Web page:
This web-based module leads students through an exploration of the patterns in the diversity of life across planet Earth. Students are scaffolded as they practice data interpretation and scientific reasoning skills.
UC Museum of Paleontology
To check their understanding, students complete multiple choice questions online. Free response essay items throughout the activity allow the module to be used as a graded assignment. A menu at the bottom of the first page of the module will allow you to assign sections to work on individually.
Correspondence to the Next Generation Science Standards is indicated in parentheses after each relevant concept. See our conceptual framework for details.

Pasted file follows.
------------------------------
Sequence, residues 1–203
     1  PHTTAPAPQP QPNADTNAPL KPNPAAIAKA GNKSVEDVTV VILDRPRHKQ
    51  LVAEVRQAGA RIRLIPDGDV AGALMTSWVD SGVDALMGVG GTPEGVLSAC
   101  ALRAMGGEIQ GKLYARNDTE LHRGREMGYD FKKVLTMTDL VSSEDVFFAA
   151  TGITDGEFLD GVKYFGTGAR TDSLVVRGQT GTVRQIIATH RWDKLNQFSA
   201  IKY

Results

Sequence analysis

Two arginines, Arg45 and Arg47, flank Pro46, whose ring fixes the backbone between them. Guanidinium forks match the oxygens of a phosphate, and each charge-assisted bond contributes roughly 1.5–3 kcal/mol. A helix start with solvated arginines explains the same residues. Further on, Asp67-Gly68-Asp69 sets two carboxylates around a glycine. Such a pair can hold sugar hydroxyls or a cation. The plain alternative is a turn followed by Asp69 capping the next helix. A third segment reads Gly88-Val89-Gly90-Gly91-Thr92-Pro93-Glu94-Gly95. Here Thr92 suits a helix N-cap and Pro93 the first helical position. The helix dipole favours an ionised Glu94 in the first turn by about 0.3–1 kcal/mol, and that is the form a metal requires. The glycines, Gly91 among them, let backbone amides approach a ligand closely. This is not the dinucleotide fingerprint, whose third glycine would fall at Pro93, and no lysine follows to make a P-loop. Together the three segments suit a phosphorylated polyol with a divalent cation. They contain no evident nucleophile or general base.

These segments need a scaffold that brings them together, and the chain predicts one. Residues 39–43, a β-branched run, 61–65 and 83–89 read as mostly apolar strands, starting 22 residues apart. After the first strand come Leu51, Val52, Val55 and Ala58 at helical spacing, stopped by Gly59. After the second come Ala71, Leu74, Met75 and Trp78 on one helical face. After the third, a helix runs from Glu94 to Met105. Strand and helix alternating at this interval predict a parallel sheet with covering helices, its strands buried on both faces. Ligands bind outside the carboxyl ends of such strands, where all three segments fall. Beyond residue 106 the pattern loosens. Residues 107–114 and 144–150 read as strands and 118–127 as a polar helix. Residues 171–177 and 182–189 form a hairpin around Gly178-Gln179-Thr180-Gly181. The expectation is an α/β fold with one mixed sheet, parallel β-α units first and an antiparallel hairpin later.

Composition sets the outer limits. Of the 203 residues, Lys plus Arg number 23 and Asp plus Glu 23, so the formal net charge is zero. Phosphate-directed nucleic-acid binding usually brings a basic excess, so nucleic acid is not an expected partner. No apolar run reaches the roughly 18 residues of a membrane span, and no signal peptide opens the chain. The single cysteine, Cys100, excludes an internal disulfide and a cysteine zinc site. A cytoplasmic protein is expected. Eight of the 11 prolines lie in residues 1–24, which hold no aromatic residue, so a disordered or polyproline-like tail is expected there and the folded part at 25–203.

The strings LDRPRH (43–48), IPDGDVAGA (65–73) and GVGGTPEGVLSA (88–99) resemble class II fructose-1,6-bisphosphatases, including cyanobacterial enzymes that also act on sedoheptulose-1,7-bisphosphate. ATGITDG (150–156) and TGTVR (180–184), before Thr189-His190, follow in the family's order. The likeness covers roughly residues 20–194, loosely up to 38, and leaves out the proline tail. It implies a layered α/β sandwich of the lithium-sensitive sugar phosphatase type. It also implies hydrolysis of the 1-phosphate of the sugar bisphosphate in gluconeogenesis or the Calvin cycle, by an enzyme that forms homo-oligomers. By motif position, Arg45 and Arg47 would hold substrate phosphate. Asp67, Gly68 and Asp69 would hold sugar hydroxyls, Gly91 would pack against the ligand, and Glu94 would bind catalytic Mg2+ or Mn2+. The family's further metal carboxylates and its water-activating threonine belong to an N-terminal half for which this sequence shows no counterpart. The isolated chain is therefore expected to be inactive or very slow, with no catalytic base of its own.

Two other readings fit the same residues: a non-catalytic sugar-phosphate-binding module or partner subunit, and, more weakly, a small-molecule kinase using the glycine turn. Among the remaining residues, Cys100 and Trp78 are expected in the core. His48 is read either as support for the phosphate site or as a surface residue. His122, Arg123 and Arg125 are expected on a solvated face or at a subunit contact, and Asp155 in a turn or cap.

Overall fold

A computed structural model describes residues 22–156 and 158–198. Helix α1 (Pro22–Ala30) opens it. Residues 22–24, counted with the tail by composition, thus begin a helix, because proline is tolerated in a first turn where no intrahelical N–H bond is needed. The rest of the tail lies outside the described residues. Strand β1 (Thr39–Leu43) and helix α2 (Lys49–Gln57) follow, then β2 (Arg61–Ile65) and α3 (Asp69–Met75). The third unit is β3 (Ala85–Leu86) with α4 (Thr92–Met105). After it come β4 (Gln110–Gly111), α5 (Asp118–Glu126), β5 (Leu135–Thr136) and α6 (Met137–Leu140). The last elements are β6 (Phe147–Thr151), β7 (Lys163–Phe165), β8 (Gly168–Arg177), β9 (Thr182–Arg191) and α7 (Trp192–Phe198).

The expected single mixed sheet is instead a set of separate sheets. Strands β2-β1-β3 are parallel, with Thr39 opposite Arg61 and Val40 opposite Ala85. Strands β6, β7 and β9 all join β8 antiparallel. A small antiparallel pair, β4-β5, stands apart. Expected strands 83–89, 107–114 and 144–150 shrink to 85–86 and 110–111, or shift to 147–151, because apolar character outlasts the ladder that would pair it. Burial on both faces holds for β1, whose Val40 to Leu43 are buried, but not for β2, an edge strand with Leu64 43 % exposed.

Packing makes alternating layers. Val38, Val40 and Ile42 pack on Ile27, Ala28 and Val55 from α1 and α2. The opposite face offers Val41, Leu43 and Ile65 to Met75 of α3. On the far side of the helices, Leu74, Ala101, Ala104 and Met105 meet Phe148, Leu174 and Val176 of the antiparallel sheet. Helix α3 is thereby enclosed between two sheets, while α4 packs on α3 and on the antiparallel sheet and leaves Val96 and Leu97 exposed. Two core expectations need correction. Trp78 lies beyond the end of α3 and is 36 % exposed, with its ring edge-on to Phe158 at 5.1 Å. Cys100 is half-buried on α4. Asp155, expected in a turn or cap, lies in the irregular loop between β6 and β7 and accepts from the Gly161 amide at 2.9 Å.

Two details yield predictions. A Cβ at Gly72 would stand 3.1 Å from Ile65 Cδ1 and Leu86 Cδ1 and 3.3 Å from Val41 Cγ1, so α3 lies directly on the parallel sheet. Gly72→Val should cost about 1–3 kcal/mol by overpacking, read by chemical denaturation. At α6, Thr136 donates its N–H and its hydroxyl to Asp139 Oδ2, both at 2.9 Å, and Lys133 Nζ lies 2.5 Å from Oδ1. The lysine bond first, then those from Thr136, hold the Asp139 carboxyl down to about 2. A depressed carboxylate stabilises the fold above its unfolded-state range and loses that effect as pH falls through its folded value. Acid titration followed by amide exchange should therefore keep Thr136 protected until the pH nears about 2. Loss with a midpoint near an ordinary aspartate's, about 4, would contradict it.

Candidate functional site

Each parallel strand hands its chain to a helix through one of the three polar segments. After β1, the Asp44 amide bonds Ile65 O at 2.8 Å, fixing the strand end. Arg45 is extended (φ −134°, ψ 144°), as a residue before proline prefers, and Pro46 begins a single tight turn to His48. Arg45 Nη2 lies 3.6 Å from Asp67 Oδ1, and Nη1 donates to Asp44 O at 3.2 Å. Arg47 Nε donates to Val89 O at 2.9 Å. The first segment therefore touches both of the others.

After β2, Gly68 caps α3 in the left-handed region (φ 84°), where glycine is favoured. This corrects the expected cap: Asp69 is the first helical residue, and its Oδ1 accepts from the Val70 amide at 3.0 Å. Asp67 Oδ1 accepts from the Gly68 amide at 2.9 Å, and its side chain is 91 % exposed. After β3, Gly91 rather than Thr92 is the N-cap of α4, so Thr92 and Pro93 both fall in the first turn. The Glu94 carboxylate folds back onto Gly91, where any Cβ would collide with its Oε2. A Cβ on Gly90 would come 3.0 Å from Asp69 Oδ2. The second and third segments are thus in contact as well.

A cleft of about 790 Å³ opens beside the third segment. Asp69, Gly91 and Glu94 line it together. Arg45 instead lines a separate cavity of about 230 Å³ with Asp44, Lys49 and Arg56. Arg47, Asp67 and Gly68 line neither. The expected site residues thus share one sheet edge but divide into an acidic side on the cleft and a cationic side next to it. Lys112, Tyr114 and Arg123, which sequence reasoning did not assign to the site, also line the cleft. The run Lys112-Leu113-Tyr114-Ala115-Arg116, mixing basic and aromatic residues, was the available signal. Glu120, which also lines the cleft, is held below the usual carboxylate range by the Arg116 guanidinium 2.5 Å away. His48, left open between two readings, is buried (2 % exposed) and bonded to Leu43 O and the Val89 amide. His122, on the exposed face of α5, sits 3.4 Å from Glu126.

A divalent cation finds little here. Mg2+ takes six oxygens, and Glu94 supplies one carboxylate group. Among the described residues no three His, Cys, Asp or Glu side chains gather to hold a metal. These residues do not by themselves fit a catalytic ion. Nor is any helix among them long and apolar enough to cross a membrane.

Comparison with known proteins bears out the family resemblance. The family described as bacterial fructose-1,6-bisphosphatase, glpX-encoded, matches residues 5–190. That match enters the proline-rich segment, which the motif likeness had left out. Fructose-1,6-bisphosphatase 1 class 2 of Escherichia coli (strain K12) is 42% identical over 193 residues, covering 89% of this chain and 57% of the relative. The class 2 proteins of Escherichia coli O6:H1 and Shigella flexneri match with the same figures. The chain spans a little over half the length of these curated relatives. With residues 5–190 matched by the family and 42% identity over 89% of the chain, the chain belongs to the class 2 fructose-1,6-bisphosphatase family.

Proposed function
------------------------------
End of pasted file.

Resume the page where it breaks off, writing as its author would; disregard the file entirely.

- Biological evolution accounts for diversity over long periods of time. (LS4.A, LS4.D)
- Background extinctions are a normal occurrence.
- Rates of extinction vary.
- The fossil record documents the biodiversity of the past.
- The fossil record documents patterns of extinction and the appearance of new forms.
- A hallmark of science is exposing ideas to testing. (P3, P4, P6, P7)
- Scientists test their ideas using multiple lines of evidence. (P6, NOS2)
- Scientific knowledge is open to question and revision as we come up with new ideas and discover new evidence. (P4, P6, NOS3)
- Accepted scientific theories are not tenuous; they must survive rigorous testing and be supported by multiple lines of evidence to be accepted. (NOS2, NOS4)
- Scientists use fossils (including sequences of fossils showing gradual change over time) to learn about past life.
- Scientists use the geographic distribution of fossils and living things to learn about the history of life.
- Rates of speciation vary.
- Scientists may explore many different hypotheses to explain their observations. (P7)